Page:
So Different

Baby_2Baby One was one tough customer. Don’t believe me? You know how the nurses offer to take your wee newborn baby into the nursery for the first night or so so that you can get some rest? Well, the nurses brought him back to me after an hour and told me he was waking up the other babies. That set the tone for about one year of sleep issues. (Oddly enough, after a week-long cry-it-out session at 11 months, he has slept through the night ever since. Weird.)

This little guy, however, is an absolute angel. In the hospital, they only brought him back to me when it was time to eat at night. Why? Because he SLEEPS AT NIGHT. What a concept. He also sleeps in his bassinet / crib. (We have moved him into our room in a small crib.) At nearly six months old, he goes to bed at about 8:00, sleeps until 3:30 or so, has a snack, then sleeps again until about 7:30. Bliss! I even let him sleep with me after his early-morning snack…because everyone loves a baby snuggle, especially baby.

I suspected that Baby One’s sleep habits were not of my own doing – that he slept / didn’t sleep according to his own feisty nature. And I was right. Even from infancy, we have so little control over who they are as people and what they’re like.

They are who they are. And they are so different already.


Life Lately: Our Big Boy / Girl Pants

When I took Blaine to his one-year appointment at the pediatrician’s office in March, our doctor was overjoyed to hear that we were expecting another baby. (She knows how hard we tried for Blaine.) At some point in the conversation, though, she urged me not to force Blaine to be a “big boy” too soon. Even though he’ll be a big brother, he’s still a baby, too.

Say what?

Mama can only handle one baby at a time. Literally. For six weeks after my scheduled C-section in October (joy), I won’t be able to pick up my little quarter-pounder. I need him to grow up a little…just a little. Since that appointment, he’s learned to walk on his own, which has been a tremendous help. But I still need him to learn to be a little more independent. Time at home in California has taught me that I maaaayyyyy just coddle him a little too much. I let him pull me to my feet to help him with something that I know he can do by himself. I hold / carry him at the drop of a hat. (Obviously, when things get rough or he needs a hug, I will be there. But when he gets mad at me for saying “no” and then wants me to hold him…not so much.) And I’m quick to give him his pacifier when he’s upset or grumpy. (It’s in almost every photo of our trip.)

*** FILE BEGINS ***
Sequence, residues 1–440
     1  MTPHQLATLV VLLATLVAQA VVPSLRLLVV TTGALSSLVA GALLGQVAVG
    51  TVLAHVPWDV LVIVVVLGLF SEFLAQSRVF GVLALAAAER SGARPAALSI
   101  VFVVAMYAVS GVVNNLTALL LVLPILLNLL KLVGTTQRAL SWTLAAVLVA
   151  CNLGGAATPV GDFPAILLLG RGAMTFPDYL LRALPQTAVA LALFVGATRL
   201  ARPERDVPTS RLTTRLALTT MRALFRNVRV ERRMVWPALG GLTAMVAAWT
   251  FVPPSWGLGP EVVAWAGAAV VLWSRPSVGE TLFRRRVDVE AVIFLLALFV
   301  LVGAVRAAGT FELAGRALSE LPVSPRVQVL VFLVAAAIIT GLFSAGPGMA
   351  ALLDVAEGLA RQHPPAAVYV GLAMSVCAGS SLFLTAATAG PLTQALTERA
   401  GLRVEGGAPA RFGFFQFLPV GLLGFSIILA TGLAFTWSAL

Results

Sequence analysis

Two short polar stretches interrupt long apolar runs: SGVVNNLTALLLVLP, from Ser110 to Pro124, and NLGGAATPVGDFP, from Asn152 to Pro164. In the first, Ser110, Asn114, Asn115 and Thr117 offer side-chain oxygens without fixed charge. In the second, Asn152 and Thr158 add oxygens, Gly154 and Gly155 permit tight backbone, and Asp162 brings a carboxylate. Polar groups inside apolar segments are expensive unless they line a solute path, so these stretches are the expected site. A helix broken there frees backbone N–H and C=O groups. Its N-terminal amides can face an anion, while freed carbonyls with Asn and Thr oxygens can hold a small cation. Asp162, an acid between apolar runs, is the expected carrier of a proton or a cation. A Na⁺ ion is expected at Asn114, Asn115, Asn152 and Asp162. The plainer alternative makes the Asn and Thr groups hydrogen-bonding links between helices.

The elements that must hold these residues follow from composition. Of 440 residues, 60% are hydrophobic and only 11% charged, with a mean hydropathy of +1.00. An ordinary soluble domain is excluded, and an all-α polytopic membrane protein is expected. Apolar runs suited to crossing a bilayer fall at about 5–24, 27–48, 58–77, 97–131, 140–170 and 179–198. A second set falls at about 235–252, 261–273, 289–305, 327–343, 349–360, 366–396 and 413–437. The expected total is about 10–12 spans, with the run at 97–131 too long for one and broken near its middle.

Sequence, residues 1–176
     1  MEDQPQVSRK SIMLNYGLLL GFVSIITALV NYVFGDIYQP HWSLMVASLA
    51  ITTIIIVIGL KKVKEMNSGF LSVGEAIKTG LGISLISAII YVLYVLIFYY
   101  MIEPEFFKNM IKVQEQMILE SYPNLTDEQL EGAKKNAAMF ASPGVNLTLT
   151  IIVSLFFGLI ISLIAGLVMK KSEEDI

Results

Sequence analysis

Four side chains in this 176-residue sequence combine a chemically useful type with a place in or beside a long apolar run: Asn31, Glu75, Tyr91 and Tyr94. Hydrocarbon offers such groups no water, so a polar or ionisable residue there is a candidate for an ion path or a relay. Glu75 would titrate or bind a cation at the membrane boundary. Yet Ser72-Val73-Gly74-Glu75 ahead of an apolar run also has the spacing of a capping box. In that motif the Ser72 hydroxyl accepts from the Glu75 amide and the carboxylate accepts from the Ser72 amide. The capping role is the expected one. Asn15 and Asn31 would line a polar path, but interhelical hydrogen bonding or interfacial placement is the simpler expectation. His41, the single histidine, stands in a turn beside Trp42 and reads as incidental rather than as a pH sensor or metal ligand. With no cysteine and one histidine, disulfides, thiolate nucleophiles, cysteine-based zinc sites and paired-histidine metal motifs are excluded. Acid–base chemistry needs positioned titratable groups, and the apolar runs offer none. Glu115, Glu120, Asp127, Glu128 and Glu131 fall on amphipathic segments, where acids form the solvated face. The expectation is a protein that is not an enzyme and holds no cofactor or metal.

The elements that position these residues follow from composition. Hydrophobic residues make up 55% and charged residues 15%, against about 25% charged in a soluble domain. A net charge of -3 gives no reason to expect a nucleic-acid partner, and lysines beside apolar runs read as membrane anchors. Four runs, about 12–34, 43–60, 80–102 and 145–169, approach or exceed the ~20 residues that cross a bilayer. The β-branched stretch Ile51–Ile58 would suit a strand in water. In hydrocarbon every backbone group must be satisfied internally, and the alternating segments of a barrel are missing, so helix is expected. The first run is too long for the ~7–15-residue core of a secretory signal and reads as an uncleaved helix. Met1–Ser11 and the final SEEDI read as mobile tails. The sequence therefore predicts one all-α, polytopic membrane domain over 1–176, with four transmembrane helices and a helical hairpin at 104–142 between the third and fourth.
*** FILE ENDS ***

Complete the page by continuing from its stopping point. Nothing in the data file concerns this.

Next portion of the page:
Old Trusty.

Old Trusty.

So lately, we (and I do mean “we” – I’m training myself to not give in as often) have been weaning off of two things: a.) being held when he could walk or explore, and b.) using his pacifier instead of observing, relaxing, and engaging in a situation. So far, I give us both a B+. Except for naps and when he first wakes up, he hasn’t really missed the paci. (Side note: he’s also babbling a lot more with his free mouth, which is good!)  And he’s learning to accept my hand as an alternative to my entire upper-torso. Much more convenient.

A paci, a cracker, and Mr. Monkeybritches. One of these things has to go...

A pacifier, a cracker, and Mr. Monkeybritches (a sock monkey whose leg can be barely seen). One of these comfort items has to go…


I don’t want him to grow up too early, but I do want us all to be happy, healthy, and well-adjusted by the time Baby Brother arrives in the fall. That gives us 8 more weeks of practice for the day when I’m so exhausted from sleep deprivation and 3 a.m. feedings that I can’t pick up anyone but myself, let alone locate a missing pacifier. (It’s under the couch.)

Linking up with ‘Wild and Precious’ today – check out some other fun stuff going on in their lives!

Through His Eyes

There are so many posts swimming around in my head right now – rants and raves and everything in between – because our trip to California was an eventful one. Traveling with a toddler is a whole new animal for me. I’ve taken Blaine home to CA four other times, but this is the first time he’s been a walking, talking, engaging human being. Hands down, the most wonderful part of our trip was introducing Blaine to some of the things that I loved about growing up on the Central Coast. It is so amazing to see things through his eyes – everything is new and awe-inspiring…and sometimes scary. He is a brave little man when it comes to animals, new places, and new sensory experiences.

Watching street performers at the San Luis Obispo Farmer's Market

Watching street performers at the San Luis Obispo Farmer’s Market

Oh, the bounty that is the California eleven-month growing season.

Oh, the bounty that is the California eleven-month growing season.